The following article was written by James A. List, Esq. and recently published in the Maryland Bar Bulletin.
Almost every non-profit organization has attorneys on their Boards of Directors or Trustees. A review of the boards of the largest non-profits in the region is a “Who’s Who” of the Maryland Bar. This is also true for private schools, small family foundations, and churches and synagogues. For example, The Arc Baltimore just added two attorneys to its Board, bringing the total to five of the 26 Board slots.
Why so many lawyers? In short, it makes sense. For the non-profit, they receive the benefit of legal counsel, often for free. Counsel has the ability to guide an organization on issues such as employment law, corporate law, immigration matters, and health care and government regulations. Attorneys understand complex contracts and can review loan documentation and credit agreements. Board attorneys can work with the organization’s paid advisors and provide input on tax compliance, gift acceptance policies, employee handbooks, and endowment guidelines.
By definition, non-profits have the public interest at heart. They address specific social, educational, or religious objectives. In part due to their mission, many advocates in the non-profit world are not comfortable with confrontation.
Attorneys, however, are problem solvers, by nature and by training.
They understand conflict resolution. And they deal with difficult issues all of the time – people generally do not call their attorney when they are having a good day. Boards seek out these advocacy and mediation skills for their organizations.
Attorneys play another important role on non-profit boards: access to donors. Many law firms in the region have their own foundations or charitable plans. This is the Maryland Bar at its best. Some firms suggest how much time and money each attorney should contribute to the foundation or other charities. The competition for non-profit dollars is at an all-time high, with the proliferation of non-profits and the recent economic downturn. This requires charitable, religious, and educational organizations to be more aggressive and more creative than ever before just to survive. Law firms and their attorneys can be a great direct revenue source.
Attorneys also have clients with access to capital. Positive charitable and community exposure is a cornerstone of some businesses’ marketing strategy – think Avon and breast cancer. And these corporate sponsorships are critical for the non-profit. These sponsorships not only provide funding for programs and events, but also spur their competition to react. Businesses do not want to be left out in the cold when their competitors are being featured as a positive community partner.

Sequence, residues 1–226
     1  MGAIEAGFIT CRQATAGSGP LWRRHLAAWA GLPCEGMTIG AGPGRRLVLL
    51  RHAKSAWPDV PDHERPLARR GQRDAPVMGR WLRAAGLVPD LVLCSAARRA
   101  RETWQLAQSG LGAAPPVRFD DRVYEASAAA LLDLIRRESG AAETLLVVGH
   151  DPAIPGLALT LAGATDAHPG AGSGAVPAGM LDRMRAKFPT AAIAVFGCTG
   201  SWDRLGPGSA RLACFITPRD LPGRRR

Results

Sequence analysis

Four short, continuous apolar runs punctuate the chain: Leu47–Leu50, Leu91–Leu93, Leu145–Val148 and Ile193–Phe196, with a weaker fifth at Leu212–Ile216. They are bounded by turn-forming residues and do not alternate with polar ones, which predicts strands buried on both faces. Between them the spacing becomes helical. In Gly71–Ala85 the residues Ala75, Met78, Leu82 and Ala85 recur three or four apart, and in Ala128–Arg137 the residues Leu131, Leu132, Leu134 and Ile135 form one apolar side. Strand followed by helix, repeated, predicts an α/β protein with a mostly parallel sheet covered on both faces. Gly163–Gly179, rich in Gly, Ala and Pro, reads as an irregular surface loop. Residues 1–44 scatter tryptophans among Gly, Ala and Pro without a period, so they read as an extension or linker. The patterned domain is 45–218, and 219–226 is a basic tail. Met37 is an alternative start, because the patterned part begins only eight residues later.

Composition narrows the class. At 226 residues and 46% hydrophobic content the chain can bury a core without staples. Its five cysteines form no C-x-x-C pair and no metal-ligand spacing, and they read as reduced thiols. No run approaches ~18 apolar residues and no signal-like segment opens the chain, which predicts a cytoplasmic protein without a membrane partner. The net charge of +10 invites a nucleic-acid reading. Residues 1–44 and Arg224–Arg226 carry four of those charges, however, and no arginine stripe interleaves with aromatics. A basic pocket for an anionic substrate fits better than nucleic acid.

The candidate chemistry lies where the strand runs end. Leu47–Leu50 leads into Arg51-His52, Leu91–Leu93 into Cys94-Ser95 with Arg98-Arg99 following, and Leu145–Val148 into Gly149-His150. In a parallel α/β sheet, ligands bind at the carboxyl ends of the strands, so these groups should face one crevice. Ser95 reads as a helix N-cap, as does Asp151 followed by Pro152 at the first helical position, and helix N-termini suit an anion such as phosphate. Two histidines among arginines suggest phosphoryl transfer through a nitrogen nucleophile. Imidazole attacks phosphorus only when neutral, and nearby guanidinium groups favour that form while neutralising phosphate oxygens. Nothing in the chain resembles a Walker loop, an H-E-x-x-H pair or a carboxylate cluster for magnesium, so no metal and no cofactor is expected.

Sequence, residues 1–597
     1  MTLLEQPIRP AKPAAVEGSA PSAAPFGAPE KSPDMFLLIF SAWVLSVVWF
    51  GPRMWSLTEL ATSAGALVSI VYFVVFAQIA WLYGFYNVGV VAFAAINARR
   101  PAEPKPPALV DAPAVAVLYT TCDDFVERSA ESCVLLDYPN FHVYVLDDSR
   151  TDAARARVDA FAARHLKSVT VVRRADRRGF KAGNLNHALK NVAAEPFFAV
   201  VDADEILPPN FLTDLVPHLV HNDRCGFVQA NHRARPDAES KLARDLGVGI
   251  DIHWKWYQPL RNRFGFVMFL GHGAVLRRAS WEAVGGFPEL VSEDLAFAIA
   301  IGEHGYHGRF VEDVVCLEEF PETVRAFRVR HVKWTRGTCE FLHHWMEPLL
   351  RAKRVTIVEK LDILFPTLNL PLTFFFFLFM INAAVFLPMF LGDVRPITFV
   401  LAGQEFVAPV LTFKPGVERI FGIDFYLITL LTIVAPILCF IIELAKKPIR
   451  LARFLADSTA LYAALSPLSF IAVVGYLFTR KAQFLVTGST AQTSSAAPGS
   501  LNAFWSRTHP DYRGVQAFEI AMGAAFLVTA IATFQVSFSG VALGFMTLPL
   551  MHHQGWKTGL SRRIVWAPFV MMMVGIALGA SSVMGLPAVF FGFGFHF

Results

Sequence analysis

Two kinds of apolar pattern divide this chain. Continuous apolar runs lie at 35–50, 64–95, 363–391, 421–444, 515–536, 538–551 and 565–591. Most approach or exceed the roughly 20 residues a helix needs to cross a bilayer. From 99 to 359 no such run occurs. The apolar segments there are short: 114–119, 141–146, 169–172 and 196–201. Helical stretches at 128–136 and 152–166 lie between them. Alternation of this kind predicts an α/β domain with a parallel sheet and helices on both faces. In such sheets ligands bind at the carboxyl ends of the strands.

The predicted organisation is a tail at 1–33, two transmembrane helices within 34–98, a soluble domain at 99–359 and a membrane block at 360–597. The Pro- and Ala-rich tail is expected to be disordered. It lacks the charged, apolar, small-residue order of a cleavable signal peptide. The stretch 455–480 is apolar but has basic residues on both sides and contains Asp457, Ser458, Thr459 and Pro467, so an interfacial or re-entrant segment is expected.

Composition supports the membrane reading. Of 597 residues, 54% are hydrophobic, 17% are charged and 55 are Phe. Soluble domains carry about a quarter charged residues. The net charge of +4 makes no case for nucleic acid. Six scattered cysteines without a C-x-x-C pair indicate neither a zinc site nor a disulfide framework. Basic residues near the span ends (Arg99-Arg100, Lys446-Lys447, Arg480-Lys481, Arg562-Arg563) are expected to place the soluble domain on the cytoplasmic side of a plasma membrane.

Because of what we do, attorneys often have access to high net-worth individuals. There are many estate and trust planning techniques that involve the use of charities and charitable foundations. Because of the favorable tax treatment charitable deductions receive, coupling a wealthy individual’s tax planning with their charitable intents provides a positive result for all parties. Non-profits need to tap into these clients and this expertise.
Why do attorneys participate on non-profit boards to such an extent? It is not pure altruism. The profession expects us to work for the public good: pro bono publico. Some law firms require such participation. The Bar requires its members to report their non-profit endeavors each year.
There is more to it, however. Most attorneys realize that they have been fortunate, and they want to give back. As a whole, attorneys have opportunities not always available to others for education, employment, and lifestyle. Many attorneys provide services to non-profits in recognition of the privilege that they have been afforded.
Despite our relative comfort and status, there is a lot of dissatisfaction in the legal world. The legal profession is stressful, and attorneys deal with life’s unfortunate occurrences every day: death, accidents, divorce, crime, disability, etc. Attorneys deal with life’s problems. There is financial pressure, whether you are a partner at a major law firm or a solo practitioner. The level of job frustration and stress result in disturbing realities in our profession, like high rates of divorce, alcoholism, and other substance abuse. Maryland attorneys are fortunate that the Bar has taken a very proactive and positive approach to addressing these problems.
Board service also combats the negative aspects of the profession. Board service provides attorneys with the opportunity to use their skills and training in a different context. Many attorneys publicly state that the energy expended on their non-profit service is the most rewarding aspect of their professional life. Winning cases and completing transactions can be satisfying, but raising money for a worthy charity, lobbying for legislation for people with disabilities, or helping a family during the holidays often provides a greater sense of accomplishment.